Today we are going to talk about eye diseases faced by the elderly. There’s going to be a series of articles regarding different eye diseases because it’s not possible to cover all eye problems in one article.

Most people have eye problems at one time or another. Some are minor and will go away on their own or are easy to treat at home. Others need a specialist’s care. According to the Centers for Disease Control and Prevention (CDC), ”More than 4.2 million Americans aged 40 years and older are either legally blind (having best-corrected visual acuity of 6/60 or worse (=20/200) in the better-seeing eye) or are with low vision (having best-corrected visual acuity less than 6/12 (<20/40) in the better-seeing eye, excluding those who were categorized as being blind).”

The Centers for Disease Control and Prevention (CDC) reports that the leading causes of blindness and low vision in the United States are primarily age-related eye diseases such as refractive errors, age-related macular degeneration, cataract, diabetic retinopathy, and glaucoma. Other common eye disorders include amblyopia and strabismus.

Refractive errors occur when your eye doesn’t bend light the way it should. As a result, you see images out of focus. Refractive errors include eye disorders, such as astigmatism (disordered vision at any distance), hyperopia (farsightedness), and myopia (nearsightedness). Refractive errors also include presbyopia, the inability to focus on things up close, such as reading small print.

Refractive errors of the eye are the most common causes of visual disturbances in the United States. These are estimated prevalence rates for these disorders:

1. Astigmatism occurs in about one out of every three people in the United States.
2. Farsightedness occurs in about 8.4 percent of the population over the age of 40 (over 14.2 million people).
3. Nearsightedness occurs in about 23.9 percent of the population over 40 years old (about 34 million people).
4. Presbyopia makes it hard for middle-aged and older adults to see things up close

According to CDC corrective lenses can improve vision for people with any such disorders. If they can’t help you then in those cases surgery is imperative to improve your vision. Corrective lenses however remain the standard treatment approach for these disorders. The National Eye Institute states that proper refractive correction could improve vision among 150 million Americans.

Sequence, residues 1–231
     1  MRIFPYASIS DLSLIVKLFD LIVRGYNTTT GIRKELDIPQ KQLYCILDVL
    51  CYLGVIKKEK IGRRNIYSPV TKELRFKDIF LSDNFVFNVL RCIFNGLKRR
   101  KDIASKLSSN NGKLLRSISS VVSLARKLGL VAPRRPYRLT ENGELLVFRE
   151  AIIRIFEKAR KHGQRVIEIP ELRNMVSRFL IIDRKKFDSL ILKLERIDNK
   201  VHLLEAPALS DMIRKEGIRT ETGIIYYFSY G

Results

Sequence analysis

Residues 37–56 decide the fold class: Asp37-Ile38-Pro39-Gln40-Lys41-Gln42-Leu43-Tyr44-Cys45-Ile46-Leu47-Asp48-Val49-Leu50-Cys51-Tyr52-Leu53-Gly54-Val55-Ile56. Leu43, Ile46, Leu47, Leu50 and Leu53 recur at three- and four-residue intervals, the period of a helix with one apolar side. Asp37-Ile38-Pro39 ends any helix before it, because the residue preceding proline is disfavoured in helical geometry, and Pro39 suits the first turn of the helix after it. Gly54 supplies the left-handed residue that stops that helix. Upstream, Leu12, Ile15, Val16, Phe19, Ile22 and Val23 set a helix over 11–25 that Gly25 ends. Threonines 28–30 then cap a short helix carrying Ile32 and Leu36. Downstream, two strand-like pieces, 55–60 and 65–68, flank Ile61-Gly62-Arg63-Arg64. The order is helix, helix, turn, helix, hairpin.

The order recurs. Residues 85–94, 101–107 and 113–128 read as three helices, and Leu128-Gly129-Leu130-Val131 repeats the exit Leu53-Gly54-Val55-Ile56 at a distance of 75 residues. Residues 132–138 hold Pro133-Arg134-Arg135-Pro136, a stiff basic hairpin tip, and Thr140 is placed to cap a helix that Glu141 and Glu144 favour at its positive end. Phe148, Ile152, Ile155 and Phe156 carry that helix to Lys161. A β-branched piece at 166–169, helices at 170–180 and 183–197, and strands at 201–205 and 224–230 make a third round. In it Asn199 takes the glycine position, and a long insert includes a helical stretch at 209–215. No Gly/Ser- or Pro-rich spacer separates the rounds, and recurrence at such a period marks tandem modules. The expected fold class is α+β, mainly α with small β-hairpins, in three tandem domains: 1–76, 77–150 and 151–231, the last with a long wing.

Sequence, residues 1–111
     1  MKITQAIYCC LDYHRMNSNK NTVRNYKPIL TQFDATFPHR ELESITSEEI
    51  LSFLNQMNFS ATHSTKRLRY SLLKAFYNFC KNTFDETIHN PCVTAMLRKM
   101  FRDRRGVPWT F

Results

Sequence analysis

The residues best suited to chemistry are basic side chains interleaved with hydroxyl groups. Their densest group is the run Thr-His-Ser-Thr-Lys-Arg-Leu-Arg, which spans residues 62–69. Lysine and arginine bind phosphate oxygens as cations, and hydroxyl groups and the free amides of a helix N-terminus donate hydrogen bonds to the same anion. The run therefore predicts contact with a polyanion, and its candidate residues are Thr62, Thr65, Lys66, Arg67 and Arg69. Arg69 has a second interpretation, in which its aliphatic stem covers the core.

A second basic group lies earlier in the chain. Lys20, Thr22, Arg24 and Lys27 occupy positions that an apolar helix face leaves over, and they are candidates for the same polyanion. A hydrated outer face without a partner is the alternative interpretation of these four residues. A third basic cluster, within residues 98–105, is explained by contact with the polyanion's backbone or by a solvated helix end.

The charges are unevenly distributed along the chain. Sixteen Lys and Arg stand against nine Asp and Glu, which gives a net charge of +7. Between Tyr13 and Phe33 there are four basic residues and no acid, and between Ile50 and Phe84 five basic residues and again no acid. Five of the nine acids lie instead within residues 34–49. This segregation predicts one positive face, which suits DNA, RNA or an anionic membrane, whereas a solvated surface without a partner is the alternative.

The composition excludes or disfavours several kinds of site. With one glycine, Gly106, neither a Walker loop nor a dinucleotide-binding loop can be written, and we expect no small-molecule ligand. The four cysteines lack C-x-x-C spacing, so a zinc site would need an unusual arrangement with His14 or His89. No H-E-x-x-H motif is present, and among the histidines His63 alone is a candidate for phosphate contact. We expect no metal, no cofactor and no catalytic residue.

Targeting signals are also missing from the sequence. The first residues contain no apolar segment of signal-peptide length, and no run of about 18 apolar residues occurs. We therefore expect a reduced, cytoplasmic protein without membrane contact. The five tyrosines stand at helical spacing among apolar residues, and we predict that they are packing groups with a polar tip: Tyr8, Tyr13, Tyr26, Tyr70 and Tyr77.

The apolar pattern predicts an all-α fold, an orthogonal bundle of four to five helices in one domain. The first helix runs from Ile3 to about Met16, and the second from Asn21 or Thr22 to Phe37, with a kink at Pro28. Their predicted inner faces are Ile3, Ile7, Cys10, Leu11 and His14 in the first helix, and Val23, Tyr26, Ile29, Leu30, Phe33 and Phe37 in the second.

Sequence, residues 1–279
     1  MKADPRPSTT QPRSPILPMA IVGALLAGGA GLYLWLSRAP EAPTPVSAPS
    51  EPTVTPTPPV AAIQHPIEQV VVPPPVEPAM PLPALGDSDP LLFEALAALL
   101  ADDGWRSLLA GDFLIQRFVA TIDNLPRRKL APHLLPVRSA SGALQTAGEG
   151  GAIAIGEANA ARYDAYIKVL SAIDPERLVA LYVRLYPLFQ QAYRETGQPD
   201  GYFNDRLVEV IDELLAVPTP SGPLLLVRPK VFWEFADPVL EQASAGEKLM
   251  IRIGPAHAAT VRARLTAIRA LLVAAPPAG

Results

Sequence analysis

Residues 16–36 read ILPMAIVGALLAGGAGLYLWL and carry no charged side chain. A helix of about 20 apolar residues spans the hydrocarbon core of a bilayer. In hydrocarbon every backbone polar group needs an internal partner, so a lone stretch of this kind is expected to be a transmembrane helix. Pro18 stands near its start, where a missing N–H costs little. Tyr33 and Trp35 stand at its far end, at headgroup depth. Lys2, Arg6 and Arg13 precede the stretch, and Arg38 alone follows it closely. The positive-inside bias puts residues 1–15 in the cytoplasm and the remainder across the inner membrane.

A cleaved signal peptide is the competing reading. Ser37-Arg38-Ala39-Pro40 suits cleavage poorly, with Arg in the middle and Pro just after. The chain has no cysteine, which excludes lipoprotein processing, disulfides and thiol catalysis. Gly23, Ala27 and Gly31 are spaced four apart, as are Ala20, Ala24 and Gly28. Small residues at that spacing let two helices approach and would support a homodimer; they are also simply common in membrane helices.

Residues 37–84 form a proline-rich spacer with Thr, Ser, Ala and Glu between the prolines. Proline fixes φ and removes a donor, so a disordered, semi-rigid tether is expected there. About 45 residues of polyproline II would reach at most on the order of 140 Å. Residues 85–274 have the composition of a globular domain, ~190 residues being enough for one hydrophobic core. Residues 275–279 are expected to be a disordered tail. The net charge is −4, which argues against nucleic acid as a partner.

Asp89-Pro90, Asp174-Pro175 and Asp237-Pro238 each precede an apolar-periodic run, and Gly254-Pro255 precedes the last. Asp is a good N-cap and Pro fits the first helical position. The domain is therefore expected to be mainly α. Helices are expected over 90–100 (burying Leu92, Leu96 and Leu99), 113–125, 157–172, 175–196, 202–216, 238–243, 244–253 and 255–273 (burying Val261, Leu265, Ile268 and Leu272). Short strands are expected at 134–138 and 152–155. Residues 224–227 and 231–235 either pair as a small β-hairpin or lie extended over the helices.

The most common symptom of refractive errors is blurry vision. Other symptoms include:

1. Double vision
2. Hazy vision
3. Seeing a glare or halo around bright lights
4. Squinting
5. Headaches
6. Eye strain (when your eyes feel tired or sore)
7. Trouble focusing when reading or looking at a computer

If you wear glasses or contact lenses and still have these symptoms, you might need a new prescription. Talk to your eye doctor and get an eye exam if you are having trouble with your vision.

The main causes of refractive errors can be:

1. Eyeball length (when the eyeball grows too long or too short)
2. Problems with the shape of the cornea (the clear outer layer of the eye)
3. Aging of the lens (an inner part of the eye that is normally clear and helps the eye focus)

The treatment for refractive errors includes:

1. Glasses. Eyeglasses are the simplest and safest way to correct refractive errors. Your eye doctor will prescribe the right eyeglass lenses to give you the clearest possible vision.
2. Contacts. Contact lenses sit on the surface of your eyes and correct refractive errors. Your eye doctor will fit you for the right lenses and show you how to clean and wear them safely.
3. Surgery. Some types of surgery, like laser eye surgery, can change the shape of your cornea to fix refractive errors. Your eye doctor can help you decide if surgery is right for you.

If you are facing any health-related issues or need any assistance you can always contact Kandakacare. Our professional healthcare workers are fully qualified to assist you at home without risking your health.

We publish new and useful articles every week containing highly useful information about the elderly and how to make their lives easier and healthier. If you have an elderly person at home, we advise you to follow our weekly articles on our Kandaka Care page and also share it with your friends.


1. Eye disorders and disease statistics according to CDC


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